A Shifting Climate Creates Winners and Losers
This piece originally appeared in the Fall 2018 edition of Xerces’ biannual publication Wings. Click to view the full Fall 2018 issue.
The best summer job I ever had involved hiking the high mountains of Colorado, one of the most beautiful areas of the world, in search of one of the world’s rarest butterflies—and I got paid to do it! It was the mid-1990s and the Uncompahgre fritillary (Boloria acrocnema) had recently been listed as endangered under the Endangered Species Act. This fritillary, with one of the smallest ranges of any North American butterfly, is found only in Colorado’s San Juan Mountains, my workplace for that summer. At that time, we knew of just three confirmed sites where the fritillary lived. My job was to help develop and implement a search strategy with the goal of documenting as many additional populations of the butterfly as possible.
The Uncompahgre fritillary is associated with large patches of snow willow (Salix nivalis), which provide food for the caterpillars and cover for the adults. The species lives almost exclusively on northeast-facing slopes, in very cold and wet microhabitats above twelve thousand feet (roughly thirty-seven hundred meters) and just below areas of year-round snow.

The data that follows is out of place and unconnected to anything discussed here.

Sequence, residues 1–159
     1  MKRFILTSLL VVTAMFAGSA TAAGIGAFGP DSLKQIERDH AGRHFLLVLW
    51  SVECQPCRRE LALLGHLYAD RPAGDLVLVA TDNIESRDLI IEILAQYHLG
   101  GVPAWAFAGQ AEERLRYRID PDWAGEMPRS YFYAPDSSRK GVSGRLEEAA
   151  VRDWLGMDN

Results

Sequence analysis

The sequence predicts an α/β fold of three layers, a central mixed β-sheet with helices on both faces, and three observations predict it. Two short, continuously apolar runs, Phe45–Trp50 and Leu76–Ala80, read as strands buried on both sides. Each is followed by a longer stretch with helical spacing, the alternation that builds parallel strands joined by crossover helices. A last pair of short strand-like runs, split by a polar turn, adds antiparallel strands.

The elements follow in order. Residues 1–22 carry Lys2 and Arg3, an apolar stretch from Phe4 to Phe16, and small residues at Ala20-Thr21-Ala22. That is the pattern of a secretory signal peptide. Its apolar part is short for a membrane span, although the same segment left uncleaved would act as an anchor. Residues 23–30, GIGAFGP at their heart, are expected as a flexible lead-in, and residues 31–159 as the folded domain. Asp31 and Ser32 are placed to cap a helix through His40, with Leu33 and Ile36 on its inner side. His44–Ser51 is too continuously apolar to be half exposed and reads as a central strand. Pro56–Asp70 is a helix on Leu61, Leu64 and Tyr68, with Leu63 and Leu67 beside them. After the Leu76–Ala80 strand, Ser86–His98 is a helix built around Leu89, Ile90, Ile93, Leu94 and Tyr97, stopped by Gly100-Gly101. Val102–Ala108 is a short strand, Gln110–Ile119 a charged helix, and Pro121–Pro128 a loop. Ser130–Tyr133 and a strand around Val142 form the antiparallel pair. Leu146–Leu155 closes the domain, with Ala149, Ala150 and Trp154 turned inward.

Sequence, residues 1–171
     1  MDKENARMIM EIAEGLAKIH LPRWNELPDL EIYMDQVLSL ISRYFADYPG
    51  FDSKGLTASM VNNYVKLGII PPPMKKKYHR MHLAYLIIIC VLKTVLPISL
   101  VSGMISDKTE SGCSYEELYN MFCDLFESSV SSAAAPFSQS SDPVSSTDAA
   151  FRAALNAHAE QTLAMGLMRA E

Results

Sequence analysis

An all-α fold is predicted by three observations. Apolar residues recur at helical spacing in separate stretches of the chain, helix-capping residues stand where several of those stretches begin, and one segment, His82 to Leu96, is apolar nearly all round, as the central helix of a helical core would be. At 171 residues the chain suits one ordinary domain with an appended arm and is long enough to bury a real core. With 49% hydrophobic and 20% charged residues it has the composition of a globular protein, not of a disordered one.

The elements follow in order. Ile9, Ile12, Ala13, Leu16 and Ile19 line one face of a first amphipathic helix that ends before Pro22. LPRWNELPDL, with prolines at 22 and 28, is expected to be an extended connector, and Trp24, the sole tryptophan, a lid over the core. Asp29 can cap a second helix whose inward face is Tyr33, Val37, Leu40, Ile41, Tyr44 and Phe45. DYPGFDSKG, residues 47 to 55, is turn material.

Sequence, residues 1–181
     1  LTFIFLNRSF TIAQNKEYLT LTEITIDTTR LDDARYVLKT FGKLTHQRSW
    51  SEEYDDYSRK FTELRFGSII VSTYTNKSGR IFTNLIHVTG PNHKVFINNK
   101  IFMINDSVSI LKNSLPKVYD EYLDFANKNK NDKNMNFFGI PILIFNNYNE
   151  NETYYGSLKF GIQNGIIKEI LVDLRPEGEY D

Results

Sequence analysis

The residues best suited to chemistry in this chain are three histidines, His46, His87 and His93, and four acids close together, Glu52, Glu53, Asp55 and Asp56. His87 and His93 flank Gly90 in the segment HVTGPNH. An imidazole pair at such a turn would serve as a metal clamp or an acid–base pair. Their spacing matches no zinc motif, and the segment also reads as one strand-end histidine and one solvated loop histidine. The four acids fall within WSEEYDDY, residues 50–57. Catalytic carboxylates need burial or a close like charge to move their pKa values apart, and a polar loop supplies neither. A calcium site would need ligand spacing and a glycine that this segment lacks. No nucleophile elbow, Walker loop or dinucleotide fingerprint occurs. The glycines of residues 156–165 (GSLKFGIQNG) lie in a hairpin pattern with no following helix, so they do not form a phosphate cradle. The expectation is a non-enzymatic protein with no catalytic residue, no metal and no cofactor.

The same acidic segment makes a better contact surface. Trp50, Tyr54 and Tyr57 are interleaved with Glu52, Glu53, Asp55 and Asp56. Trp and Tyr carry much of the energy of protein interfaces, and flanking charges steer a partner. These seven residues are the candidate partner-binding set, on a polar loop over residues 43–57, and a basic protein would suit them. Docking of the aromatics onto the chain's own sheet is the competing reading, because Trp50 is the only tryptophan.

Together with other members of the survey team, I spent weeks hiking up to alpine areas to search out patches of snow willow and survey likely habitat. We found just a couple of additional sites that summer. More sites have been found since and there are now eleven verified populations of this fritillary species, but participating in this survey was my first real-world introduction to the effects of our changing climate. Being an ecology student, I had, of course, read about climate change. But sitting in a large patch of snow willow surrounded by little orange-and-brown butterflies that live only where there is year-round snow upslope brought home to me the impact we humans were and are having on the natural world. Due to the precarious nature of this high mountain habitat and the association between permanent snow and the fritillary’s host plant, “climatic stress” was identified as a factor in protecting this butterfly under the Endangered Species Act, one of the first times that this term was used in a listing.